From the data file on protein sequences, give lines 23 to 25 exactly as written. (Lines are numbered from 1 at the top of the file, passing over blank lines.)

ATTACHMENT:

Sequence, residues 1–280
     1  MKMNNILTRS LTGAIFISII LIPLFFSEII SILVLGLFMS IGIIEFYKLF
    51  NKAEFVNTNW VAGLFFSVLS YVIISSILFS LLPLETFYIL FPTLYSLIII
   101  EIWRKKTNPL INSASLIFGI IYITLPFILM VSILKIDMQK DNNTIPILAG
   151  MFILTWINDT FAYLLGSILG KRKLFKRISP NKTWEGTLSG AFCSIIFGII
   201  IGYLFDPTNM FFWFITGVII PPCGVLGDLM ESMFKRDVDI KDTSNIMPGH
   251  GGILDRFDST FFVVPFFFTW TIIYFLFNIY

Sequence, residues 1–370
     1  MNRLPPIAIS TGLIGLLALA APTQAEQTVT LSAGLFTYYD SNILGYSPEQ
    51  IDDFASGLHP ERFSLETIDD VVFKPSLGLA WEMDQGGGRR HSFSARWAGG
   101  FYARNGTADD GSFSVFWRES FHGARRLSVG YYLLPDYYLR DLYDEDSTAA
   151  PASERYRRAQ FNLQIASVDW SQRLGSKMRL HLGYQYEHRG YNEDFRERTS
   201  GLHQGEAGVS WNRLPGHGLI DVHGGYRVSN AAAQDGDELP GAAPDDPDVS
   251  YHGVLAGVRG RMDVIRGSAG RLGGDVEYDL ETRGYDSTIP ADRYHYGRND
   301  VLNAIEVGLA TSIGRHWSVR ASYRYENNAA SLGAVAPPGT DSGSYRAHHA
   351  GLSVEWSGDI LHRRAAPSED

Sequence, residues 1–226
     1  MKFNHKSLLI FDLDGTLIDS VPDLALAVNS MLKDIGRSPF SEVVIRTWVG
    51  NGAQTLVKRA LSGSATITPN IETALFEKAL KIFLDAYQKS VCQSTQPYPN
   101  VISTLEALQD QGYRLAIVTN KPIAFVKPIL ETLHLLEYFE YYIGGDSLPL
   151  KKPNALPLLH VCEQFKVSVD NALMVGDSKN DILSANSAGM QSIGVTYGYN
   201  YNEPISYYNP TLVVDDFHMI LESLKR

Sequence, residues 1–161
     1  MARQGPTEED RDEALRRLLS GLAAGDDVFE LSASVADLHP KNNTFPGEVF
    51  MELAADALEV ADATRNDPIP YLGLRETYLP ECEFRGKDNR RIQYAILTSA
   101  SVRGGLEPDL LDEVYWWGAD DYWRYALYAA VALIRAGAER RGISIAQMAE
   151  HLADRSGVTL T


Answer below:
Sequence, residues 1–161
     1  MARQGPTEED RDEALRRLLS GLAAGDDVFE LSASVADLHP KNNTFPGEVF
    51  MELAADALEV ADATRNDPIP YLGLRETYLP ECEFRGKDNR RIQYAILTSA